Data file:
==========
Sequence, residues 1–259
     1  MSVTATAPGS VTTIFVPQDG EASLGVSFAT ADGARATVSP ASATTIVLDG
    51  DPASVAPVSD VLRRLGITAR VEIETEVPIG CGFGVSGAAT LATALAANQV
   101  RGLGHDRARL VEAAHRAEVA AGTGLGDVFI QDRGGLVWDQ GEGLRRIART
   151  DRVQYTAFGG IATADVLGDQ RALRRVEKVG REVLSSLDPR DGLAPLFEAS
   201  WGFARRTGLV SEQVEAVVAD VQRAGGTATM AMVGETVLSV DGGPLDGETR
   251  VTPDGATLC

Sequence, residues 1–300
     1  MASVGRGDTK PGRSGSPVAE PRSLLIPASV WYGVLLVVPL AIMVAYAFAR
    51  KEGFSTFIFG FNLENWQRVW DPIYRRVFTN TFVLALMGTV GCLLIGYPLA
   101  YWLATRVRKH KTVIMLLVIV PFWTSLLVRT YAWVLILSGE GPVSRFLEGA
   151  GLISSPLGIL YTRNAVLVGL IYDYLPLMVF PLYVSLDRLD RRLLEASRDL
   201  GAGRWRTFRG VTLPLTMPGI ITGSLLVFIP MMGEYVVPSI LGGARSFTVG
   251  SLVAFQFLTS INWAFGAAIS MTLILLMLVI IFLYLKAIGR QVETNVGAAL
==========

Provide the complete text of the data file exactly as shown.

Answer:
Sequence, residues 1–259
     1  MSVTATAPGS VTTIFVPQDG EASLGVSFAT ADGARATVSP ASATTIVLDG
    51  DPASVAPVSD VLRRLGITAR VEIETEVPIG CGFGVSGAAT LATALAANQV
   101  RGLGHDRARL VEAAHRAEVA AGTGLGDVFI QDRGGLVWDQ GEGLRRIART
   151  DRVQYTAFGG IATADVLGDQ RALRRVEKVG REVLSSLDPR DGLAPLFEAS
   201  WGFARRTGLV SEQVEAVVAD VQRAGGTATM AMVGETVLSV DGGPLDGETR
   251  VTPDGATLC

Sequence, residues 1–300
     1  MASVGRGDTK PGRSGSPVAE PRSLLIPASV WYGVLLVVPL AIMVAYAFAR
    51  KEGFSTFIFG FNLENWQRVW DPIYRRVFTN TFVLALMGTV GCLLIGYPLA
   101  YWLATRVRKH KTVIMLLVIV PFWTSLLVRT YAWVLILSGE GPVSRFLEGA
   151  GLISSPLGIL YTRNAVLVGL IYDYLPLMVF PLYVSLDRLD RRLLEASRDL
   201  GAGRWRTFRG VTLPLTMPGI ITGSLLVFIP MMGEYVVPSI LGGARSFTVG
   251  SLVAFQFLTS INWAFGAAIS MTLILLMLVI IFLYLKAIGR QVETNVGAAL